Although harvesters such as the Indian-manufactured “Happy Seeder” that shred the crop residues into small pieces and uniformly spread them across the field are available as an alternative to burning the crops, some farmers complain that the cost of these machines is prohibitive compared to burning the fields.
Supreme Court on Air Pollution:
While hearing a petition filed by two young environmental activists – a Class 12 student, who under his own initiative of “Plant A Million Trees”, has planted 150,000 trees in Delhi and the National Capital Region (NCR), and a third-year law student who is an active campaigner against single-use plastic, the Supreme Court remarked that stubble burning is turning out to be a potent killer in times of the Covid-19 pandemic.
The Supreme Court on Tuesday with a bench moving swiftly to post two applications and a separate petition on the issue for October 16 and asking the chief secretaries of Delhi, Punjab, Haryana and Uttar Pradesh to remain present in court that day.
The petition demanded that the court stop the stubble burning by farmers in Punjab and Haryana which poses a health risk to citizens of Delhi-NCR by enveloping the region in a dense, smoggy fog during the winters.
The apex court had on October 16 appointed retired judge Justice Madan B Lokur to monitor stubble burning in Punjab, Haryana and Uttar Pradesh amid rising pollution in Delhi and its surrounding areas. “We are only concerned about the citizens of Delhi-NCR being able to breathe in fresh clean air,” the top court said. The Supreme Court also declined to accept the centre’s request to reconsider the appointment of the one-man committee of Justice (retd) Lokur.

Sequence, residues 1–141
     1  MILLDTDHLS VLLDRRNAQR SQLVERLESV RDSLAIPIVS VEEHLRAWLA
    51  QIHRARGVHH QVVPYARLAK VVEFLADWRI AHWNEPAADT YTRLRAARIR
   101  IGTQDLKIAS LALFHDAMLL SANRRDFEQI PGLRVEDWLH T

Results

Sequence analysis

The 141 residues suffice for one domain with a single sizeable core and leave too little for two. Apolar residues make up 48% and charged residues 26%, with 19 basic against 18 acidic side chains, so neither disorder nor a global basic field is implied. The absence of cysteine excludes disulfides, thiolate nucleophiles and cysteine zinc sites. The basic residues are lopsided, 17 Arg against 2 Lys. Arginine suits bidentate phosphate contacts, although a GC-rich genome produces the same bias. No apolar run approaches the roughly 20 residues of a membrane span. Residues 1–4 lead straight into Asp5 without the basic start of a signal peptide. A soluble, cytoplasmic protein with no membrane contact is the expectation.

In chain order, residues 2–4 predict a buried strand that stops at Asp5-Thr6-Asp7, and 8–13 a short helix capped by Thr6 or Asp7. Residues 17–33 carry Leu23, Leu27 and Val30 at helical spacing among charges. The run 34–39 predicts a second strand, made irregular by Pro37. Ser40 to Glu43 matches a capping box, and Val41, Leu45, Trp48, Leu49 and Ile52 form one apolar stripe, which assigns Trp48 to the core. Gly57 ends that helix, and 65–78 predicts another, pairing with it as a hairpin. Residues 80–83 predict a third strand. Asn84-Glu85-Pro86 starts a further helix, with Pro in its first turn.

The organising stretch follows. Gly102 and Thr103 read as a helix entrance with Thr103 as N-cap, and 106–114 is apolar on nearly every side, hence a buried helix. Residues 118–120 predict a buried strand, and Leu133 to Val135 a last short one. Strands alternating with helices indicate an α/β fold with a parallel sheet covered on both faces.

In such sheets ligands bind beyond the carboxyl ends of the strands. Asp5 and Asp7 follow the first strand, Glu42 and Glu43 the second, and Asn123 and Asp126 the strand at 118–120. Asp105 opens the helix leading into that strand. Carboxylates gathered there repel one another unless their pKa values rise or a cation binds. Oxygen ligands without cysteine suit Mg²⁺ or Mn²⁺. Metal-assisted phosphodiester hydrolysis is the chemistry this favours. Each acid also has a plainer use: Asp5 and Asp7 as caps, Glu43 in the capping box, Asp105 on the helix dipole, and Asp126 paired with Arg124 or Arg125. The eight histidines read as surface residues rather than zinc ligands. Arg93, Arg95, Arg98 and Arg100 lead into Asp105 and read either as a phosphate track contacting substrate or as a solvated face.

The next hearing on the case has been scheduled on October 26.
The Narendra Modi government on Monday, October 26, admitted that existing mechanism didn’t work too well. The Solicitor General also admitted that the mechanism of the government has not worked too well and told the top court that a permanent body to deal with the issue may also be created.
Central government informed the Supreme Court that it will bring a law to create a permanent body through legislation to deal with the stubble burning and tackle the air pollution in Delhi and its adjoining areas in winters. Appearing on behalf of the central government, Solicitor General Tushar Mehta informed the apex court that the legislation is being contemplated and the draft of the proposed law on air pollution will be ready by the next week.
The bench headed by Chief Justice SA Bobde welcomed the central government’s decision and said that it was a necessary move since everyone in the city was choking due to air pollution.
“This is a welcome step. This is an issue that anyway should have been looked into by the government. Everyone in this city is choking due to bad air,” the bench said.
“We acknowledge the mechanism we have at present has not worked too well. We are yet to finalize the fine print of the law. We will, however, be ready with draft legislation very soon,” he said.
Following the government’s assurance, the Supreme Court also suspended the Justice Madan B Lokur Committee to oversee the steps to tackle stubble burning.